Remember, for these young techno-utopians, technology trumps all, even privacy. We saw a glimpse of that earlier this year when Facebook, that seemingly benign social network for young people, quietly implemented Beacon, which tracked users' purchases and then notified their friends in hopes of influencing their future purchases. Facebook founder Mark Zuckerberg professed surprise at the massive backlash against Beacon and shut it down -- but left the door opened for future surveillance programs.
But nowhere is the power to apply technology for its own sake more available than at Google. And despite the company's motto, and childlike logo and home page, this is the real driving force behind the company. And the long-term goal of this applied technology? Google has already said it: to manage all of the world's information.
Five years ago, this seemed harmless enough, even welcome. The Web is a huge, messy place -- so what's wrong with having some help navigating through it? But as Google has grown larger, and after it has taken over the big, general stuff (the Web) and begun focusing on the smaller, more specialized stuff (libraries, personal records, search patterns) that we begin to understand what "all" means ... and what Google is willing to do to get it.
For example, a couple weeks ago, in a barely noticed blog entry, reporter Clint Boulton of Computerworld recounted a conversation he'd had with a Google insider who admitted that whatever the company was saying publicly -- and to Congress -- about user privacy, it was indeed tracking not just user search trails, but also their identities -- so-called "Deep Packet Inspection." The entry drew few readers, and no comments, but it did attract attention from one source: A senior Google executive called the magazine to get it to back off the story.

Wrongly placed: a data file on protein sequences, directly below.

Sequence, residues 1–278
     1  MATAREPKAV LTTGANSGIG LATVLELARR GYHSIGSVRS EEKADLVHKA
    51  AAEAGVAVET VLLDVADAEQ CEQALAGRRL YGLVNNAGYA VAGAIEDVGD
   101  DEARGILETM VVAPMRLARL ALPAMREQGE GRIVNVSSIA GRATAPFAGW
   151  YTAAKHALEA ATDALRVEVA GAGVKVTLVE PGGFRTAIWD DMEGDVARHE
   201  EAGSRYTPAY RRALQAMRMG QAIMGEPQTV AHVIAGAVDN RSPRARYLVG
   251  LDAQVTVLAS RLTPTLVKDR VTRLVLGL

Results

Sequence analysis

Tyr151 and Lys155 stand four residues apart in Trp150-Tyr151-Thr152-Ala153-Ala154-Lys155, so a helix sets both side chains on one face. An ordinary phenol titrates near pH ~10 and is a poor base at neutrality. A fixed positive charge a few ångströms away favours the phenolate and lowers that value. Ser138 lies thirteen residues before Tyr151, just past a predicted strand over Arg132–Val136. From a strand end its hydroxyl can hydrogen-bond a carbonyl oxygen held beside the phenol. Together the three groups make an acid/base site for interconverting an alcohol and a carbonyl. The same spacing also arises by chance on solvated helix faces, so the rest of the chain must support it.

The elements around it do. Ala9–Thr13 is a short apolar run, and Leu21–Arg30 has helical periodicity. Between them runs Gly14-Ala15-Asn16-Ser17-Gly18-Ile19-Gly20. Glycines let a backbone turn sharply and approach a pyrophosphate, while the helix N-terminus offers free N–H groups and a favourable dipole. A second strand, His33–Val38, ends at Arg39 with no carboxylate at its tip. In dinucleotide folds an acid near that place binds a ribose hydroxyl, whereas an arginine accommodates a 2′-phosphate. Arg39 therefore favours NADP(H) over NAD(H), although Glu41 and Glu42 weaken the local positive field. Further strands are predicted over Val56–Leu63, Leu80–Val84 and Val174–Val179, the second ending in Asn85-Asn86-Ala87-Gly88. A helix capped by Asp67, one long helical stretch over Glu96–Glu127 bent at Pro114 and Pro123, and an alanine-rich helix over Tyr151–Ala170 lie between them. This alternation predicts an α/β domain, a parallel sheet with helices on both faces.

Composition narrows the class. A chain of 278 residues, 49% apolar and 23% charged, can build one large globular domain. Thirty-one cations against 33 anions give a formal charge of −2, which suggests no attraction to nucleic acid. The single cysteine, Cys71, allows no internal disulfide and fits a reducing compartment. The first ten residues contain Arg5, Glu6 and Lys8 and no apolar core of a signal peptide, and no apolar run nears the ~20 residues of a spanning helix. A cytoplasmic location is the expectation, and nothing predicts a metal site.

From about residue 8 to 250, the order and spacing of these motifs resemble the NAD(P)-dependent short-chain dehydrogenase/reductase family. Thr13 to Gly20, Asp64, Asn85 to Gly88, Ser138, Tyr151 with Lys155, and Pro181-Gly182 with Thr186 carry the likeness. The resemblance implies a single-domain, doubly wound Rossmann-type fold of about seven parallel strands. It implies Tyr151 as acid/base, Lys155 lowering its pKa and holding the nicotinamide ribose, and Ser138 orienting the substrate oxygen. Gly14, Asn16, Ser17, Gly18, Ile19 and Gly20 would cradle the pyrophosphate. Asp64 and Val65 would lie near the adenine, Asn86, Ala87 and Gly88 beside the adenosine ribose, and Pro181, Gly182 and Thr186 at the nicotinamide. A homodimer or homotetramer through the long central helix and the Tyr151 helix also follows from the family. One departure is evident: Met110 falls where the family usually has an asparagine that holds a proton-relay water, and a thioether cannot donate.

Even if true, had Google lied to Congress about user privacy? Probably not -- at least not in the way that Google had carefully phrased its words.
Then there is Google's odd acquiescence to the demands by authoritarian regimes around the world, especially China, to censor its search operations in those countries. These actions, inexplicable at the time, only become clear when one assumes that Google's real business now is not providing a service to its users, but in owning the world's data.
And that brings us back to Chrome. Why so low key an introduction? And why suddenly turn on a solid partnership with browser provider Mozilla? The answer, I think, has two parts.
First, Google believes that Chrome could be its Microsoft killer. Not only does it have the potential to beat MS Explorer but, fulfilling Ellison's old dream, it could be a way to let users easily download applications from the Web -- and thus circumvent Microsoft's lock on Office, even Windows, the very core of its business.
But a second reason is more sinister. Only a few people have noticed that, until recently, in the Terms of Service for signing up for Chrome, Google demands "perpetual, irrevocable, world-wide, royalty free and non-exclusive" license to any materials users create with the browser. (Google on Thursday announced that it was rescinding the clause.)